Here at the dockyard there is so much to see and do and not to mention the memories that will stay with you forever. For example you can:
Go to action stations and in which you can
Test your reflexes
Test your strength on a moving rock wall
Watch a brilliant informational film
Learn how key compartments to a naval ship works
You can have fun in a helicopter flight simulator
Test your shooting skills on a virtual simulator
You can even see how well you can cope t be in charge of a naval gun
And lets not forget the almighty laser quest
On top of all this you cannot forget the brilliant sights of the ships that have kept us shriving for years
You can even stand on the very deck that our navy heroes stood on many years ago
You can go into the range of shops and buy souvenirs for all the family
All this and memories just waiting to be made
Priory Portsmouth School has been down at the action stations in the historic dockyard and some of the pupils have been working hard all day to do the sustainability challenge. What they had to do is build a working wind turbine that must spin. They also had to build a house, a power plant and two other wind turbines. But when they tried to make it work it all fell apart. We came 3rd place. 😦 but they still had fun. 🙂
Priory Geography is an Expert Centre for the Global Learning Programme which means we try to take part in learning about global issues like sustainability, poverty, world development, the environment, climate change, etc and share this with others.
Today during BBC School Report some of Priory’s students have been doing a Sustainability Scrapheap Challenge against Milton Cross school.
The mission was this:
HMS Illustrious is being decommissioned and the navy are deciding what to do with it. Should it be turned into a floating hospital? Into a tourist venue? Or should the materials be recycled into something to make energy? What is the most sustainable decision?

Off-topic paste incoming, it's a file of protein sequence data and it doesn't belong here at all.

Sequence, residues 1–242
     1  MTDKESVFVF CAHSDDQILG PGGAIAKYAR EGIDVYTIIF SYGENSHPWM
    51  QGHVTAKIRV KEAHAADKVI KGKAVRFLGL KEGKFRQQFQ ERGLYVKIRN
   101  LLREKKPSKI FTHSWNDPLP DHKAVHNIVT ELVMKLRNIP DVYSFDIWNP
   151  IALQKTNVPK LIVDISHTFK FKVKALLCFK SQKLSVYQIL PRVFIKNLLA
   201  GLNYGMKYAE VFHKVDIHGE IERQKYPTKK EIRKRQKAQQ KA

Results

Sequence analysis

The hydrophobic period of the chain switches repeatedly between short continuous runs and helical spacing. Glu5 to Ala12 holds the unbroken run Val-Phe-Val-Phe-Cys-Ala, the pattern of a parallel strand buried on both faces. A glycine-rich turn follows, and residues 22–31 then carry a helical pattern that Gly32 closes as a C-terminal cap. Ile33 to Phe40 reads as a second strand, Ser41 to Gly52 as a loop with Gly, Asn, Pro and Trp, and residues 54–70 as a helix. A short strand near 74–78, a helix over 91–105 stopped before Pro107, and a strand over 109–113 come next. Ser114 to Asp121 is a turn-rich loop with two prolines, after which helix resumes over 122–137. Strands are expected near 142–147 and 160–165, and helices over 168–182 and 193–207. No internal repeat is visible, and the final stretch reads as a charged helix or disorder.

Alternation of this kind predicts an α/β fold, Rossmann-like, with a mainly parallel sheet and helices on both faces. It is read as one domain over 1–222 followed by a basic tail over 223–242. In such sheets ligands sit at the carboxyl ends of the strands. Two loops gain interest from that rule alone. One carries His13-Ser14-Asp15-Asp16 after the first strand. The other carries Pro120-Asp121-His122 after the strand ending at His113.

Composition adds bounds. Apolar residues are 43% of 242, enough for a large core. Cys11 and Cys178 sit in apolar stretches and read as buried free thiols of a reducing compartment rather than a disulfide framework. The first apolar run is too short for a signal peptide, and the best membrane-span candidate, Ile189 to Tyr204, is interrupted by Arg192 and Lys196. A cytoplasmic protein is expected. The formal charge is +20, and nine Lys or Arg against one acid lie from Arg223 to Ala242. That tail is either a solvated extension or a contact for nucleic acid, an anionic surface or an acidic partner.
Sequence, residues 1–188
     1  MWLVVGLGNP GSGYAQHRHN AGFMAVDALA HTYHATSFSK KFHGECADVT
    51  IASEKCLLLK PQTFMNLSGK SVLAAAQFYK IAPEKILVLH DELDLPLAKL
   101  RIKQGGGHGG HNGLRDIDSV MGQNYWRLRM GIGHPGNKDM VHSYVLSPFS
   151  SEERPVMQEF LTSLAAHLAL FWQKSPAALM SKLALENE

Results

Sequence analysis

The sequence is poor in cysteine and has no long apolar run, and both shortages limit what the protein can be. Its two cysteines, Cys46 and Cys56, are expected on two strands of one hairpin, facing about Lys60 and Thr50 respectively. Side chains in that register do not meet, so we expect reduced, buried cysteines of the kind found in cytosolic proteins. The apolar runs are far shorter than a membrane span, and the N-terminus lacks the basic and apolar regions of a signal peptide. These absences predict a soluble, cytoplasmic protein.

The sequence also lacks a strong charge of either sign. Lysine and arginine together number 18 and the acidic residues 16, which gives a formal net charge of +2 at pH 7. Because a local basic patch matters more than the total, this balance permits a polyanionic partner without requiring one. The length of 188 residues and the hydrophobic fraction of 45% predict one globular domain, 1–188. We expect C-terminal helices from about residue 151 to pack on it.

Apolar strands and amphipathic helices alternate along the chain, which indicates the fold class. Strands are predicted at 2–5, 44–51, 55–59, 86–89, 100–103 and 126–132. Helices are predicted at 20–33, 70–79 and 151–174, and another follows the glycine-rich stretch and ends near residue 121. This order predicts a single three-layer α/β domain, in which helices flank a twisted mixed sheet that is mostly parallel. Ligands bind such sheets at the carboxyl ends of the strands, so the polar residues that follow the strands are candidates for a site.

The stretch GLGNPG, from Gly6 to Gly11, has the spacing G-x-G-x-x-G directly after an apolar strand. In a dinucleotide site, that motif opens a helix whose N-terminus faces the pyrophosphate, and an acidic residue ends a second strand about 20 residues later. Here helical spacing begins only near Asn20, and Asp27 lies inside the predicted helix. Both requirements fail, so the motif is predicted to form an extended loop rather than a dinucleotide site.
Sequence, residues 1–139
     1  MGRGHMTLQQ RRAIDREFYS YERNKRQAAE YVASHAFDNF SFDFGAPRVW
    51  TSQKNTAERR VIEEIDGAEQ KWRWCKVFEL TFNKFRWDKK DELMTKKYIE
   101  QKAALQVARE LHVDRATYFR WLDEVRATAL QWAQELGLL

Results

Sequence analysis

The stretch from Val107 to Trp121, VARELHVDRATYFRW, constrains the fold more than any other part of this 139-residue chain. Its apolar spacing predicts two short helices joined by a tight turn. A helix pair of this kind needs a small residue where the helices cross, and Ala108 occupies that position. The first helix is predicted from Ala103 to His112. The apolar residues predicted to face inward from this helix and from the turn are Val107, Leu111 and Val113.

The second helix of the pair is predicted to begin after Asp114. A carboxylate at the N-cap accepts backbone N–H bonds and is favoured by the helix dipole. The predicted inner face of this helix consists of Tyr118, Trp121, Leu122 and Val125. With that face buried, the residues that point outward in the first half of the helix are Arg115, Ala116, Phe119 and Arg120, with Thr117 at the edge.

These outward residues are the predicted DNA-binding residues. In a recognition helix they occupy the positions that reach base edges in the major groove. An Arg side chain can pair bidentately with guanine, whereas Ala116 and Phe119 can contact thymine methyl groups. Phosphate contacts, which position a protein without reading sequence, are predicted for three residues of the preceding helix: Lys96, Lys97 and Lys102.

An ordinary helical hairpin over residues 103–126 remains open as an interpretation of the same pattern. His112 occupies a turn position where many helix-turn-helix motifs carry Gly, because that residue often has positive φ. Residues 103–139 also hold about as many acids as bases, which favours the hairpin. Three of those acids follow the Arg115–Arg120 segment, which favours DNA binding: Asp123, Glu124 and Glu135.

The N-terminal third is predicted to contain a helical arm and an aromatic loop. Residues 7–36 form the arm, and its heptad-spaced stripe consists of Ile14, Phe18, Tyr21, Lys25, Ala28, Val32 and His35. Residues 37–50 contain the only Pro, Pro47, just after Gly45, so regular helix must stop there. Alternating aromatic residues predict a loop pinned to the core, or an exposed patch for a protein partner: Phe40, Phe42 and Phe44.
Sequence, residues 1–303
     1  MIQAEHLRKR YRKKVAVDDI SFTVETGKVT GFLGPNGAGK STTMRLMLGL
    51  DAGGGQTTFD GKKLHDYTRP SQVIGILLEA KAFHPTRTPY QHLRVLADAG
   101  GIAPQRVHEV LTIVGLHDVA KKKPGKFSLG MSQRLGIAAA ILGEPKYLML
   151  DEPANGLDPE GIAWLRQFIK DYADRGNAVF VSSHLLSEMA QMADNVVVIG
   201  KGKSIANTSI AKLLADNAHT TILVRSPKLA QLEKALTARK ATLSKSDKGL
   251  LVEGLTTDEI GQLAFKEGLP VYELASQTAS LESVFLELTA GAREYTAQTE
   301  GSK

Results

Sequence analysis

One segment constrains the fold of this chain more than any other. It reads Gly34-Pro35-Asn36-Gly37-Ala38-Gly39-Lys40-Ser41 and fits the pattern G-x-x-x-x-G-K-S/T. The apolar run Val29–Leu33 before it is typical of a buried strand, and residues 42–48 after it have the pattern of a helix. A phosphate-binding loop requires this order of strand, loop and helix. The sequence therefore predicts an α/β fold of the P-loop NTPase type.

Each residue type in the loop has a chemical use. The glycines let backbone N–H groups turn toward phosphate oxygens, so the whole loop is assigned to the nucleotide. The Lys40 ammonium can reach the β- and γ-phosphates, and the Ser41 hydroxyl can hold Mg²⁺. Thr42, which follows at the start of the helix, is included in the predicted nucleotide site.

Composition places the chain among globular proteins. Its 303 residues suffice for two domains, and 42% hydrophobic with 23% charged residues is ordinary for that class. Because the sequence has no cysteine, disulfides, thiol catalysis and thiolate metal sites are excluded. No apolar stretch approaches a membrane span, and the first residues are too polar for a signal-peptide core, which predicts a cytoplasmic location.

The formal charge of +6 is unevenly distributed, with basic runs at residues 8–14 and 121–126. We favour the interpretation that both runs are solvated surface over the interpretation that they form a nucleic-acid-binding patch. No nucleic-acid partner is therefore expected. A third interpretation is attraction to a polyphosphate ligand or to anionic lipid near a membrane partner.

Action Stations took a load of materials and scrap from the dockyard and created three scale model aircraft carriers.
The teams have to take all of the materials and use them to create a working model wind turbine farm.
The wind turbine has to look the part but also has to create a circuit that works – a lightbulb has to be lit.
It is Team Priory vs Team Milton Cross.
Two of our BBC School Reporters were lucky enough to be invited to the BBC South Today news studio at Gunwharf this morning.
Alex and Amber were interviewed live on the morning show by Julian Clegg. This is what they said about the experience:
“I felt nervous and confused thinking about what to say! It was exciting and a totally different experience to what I would normally do. My first time in a radio interview!” said Amber.
“I felt nervous at first but then gradually overcame this. It was nice being in a real studio and getting a feel for what being a presenter really feels like. It has helped me to rethink what I might do in future and I am interested in journalism.” said Alex.